Instead, it belonged to a battered Piper Apache, older than I was. Outside, her paint was a faded and chipped, butter yellow in color. Her tires were nearly bald. She sat on the tarmac slightly lopsided. Inside, her vinyl seats were cracked, the fabric on her walls threadbare and water stained. Her instruments were arranged in a seemingly random manner on a charcoal-grey panel that might once have been black. The throttles I had dreamed of wrapping my hands around were broken Bakelite plastic, and the trim controls were above my head, literally, on the cabin ceiling. She was so underpowered that if I had lost one engine, the other one would have carried me only to the scene of the crash. It’s true. Her single-engine service ceiling was about 500 feet below the mile-high Colorado terrain.
I couldn’t wait to fly her.
I did 10.8 hours in that old Apache and loved every minute of it. She was a battered and abused veteran, for sure, but she was a real plane and I was on the verge of finally becoming a real pilot.
But it was not to be.
When I showed up for my check ride with the FAA Examiner, he told me that the rules had changed. If I took my ride that very day, my multi-engine rating would forever be part of my Private license. It wouldn’t upgrade to my Commercial ticket. He advised me to wait, take my Commercial check ride in the twin, kill two birds with one stone, and be a Commercial multi pilot. I took his advice.
My instructor called me a pussy, and accused me of being afraid of the checkride. And she was a lady instructor, mind you.
Then, before I had enough hours for my Commercial check ride, the flight school sold the old Apache and I never got my multi-engine rating, a wound that still festers to this day.
I need a multi-engine rating now like I need a hole in my head. But still, sometimes, I don’t feel like a real pilot without it. But there was nothing to be done about it. I returned to flying under what’s called the Light Sport Rule, which only allows for single engine airplanes.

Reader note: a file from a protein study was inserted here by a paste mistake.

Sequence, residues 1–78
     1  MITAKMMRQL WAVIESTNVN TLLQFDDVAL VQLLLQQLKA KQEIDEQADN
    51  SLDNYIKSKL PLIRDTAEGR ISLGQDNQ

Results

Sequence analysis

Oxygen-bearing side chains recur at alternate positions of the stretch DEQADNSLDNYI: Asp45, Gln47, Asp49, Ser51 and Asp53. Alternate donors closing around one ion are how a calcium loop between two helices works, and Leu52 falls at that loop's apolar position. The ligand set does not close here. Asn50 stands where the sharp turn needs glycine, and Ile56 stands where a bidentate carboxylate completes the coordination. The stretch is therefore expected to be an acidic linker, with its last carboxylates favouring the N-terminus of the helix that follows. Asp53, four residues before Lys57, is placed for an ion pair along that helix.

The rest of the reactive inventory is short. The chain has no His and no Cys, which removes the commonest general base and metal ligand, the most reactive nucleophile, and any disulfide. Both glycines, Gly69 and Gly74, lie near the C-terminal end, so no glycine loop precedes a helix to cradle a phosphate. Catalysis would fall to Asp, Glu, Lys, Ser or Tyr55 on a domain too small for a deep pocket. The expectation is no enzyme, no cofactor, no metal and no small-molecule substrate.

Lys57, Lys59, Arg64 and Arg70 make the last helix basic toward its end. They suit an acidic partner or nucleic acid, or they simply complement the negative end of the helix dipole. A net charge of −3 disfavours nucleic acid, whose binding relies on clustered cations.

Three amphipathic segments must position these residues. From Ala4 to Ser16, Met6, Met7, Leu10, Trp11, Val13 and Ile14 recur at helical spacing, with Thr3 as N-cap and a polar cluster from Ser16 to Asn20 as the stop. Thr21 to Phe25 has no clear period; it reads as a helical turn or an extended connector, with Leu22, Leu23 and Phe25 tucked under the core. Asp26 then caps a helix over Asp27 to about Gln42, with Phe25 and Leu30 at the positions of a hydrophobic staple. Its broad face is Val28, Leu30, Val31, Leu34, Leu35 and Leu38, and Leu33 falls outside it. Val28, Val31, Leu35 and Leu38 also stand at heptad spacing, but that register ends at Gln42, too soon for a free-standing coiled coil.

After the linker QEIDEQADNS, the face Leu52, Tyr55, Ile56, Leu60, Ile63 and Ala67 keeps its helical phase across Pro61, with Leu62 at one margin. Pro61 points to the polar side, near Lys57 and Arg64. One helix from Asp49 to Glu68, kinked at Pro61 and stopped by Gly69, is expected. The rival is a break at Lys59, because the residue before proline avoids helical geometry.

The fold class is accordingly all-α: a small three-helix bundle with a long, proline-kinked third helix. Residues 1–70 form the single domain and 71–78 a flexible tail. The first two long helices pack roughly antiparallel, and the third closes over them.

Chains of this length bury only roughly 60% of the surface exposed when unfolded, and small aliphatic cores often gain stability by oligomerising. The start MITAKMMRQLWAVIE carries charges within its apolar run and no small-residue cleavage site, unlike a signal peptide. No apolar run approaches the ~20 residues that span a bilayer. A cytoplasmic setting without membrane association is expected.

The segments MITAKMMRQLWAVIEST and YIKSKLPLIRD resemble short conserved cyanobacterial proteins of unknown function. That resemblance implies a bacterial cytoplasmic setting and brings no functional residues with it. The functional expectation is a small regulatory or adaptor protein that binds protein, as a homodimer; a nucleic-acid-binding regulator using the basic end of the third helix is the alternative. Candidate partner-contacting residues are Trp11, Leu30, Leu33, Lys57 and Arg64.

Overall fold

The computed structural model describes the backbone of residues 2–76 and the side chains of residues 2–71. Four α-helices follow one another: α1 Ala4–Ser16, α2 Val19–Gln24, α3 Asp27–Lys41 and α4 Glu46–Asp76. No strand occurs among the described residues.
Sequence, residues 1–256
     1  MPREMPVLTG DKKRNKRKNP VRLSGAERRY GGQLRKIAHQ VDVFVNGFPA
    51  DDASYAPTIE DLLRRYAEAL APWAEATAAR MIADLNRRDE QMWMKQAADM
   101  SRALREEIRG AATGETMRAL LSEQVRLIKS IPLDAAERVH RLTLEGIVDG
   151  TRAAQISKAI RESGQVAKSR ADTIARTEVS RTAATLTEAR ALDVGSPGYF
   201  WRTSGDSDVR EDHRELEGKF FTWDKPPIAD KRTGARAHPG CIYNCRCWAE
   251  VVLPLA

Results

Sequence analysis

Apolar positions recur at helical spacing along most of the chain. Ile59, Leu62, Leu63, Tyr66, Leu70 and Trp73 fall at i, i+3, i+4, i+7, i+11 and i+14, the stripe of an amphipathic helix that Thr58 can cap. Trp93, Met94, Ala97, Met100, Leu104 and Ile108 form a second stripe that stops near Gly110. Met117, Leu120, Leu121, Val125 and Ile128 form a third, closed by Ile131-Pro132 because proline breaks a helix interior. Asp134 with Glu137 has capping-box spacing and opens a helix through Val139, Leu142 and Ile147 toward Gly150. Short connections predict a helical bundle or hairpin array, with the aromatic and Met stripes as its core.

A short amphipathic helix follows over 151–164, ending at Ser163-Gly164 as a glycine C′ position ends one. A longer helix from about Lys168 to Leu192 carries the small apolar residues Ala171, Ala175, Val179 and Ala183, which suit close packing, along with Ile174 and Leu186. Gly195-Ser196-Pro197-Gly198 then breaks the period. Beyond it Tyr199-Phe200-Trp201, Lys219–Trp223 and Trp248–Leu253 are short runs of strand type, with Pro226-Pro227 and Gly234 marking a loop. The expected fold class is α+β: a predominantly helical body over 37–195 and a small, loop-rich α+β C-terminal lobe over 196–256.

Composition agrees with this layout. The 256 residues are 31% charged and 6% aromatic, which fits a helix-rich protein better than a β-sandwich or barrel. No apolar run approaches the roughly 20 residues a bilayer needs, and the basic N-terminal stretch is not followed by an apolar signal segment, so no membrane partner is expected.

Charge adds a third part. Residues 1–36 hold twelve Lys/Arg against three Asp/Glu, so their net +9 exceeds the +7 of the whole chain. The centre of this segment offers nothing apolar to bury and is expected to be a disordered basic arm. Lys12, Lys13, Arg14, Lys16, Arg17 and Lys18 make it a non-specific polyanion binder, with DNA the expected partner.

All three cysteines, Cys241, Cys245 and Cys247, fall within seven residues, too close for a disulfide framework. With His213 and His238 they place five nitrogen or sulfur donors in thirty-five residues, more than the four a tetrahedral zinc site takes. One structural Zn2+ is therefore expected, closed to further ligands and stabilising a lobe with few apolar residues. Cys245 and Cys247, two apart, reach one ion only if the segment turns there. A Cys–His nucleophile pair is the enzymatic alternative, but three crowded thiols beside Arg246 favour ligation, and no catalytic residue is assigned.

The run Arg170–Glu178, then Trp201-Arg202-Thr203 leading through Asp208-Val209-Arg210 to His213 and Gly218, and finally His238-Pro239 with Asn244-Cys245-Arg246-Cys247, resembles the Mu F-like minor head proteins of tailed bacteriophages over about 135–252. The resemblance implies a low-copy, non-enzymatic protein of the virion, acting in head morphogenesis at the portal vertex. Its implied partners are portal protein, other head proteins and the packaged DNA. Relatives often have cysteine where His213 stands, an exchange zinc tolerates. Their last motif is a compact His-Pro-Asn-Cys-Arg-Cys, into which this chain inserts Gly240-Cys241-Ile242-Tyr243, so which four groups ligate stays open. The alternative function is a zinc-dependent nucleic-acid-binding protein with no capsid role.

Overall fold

I did this because during my last absence from flying I developed a minor health issue (at least minor as in terms of affecting my ability to fly) that would have made getting a standard pilot medical time-consuming and terribly expensive. The Light Sport Rule circumvented that and let me use my driver’s license in lieu of a medical.
But now the medical rules have changed, and suddenly, a universe of airplanes is now available to me. Or will be in after May 1st.
Will we trade Tessie in on a more capable aircraft? Hell no. She’s family and I’ve come to love her, shortcomings and all. I don’t think I could ever enjoy flying any other plane as much as I enjoy flying the ‘Coupe.
But one morning recently I woke up and realized that there was nothing stopping me from completing my unfinished business with the twins, and becoming a multi-engine pilot. Thirty-four years late.
Well, nothing stopping me but time and money, that is.
I spent a day online looking at my options. In the end I found a guy in a location that was convenient to my race schedule who is offering an accelerated multi-engine add-on at a reasonable price. Well, reasonable for twin-engine flight training, anyway. And he was using an Apache. I signed up. It won’t be the Duchess of my teen fantasies, but it will be a reunion with an old friend of sorts.
And when I’m done, I’ll finally be a “real” pilot.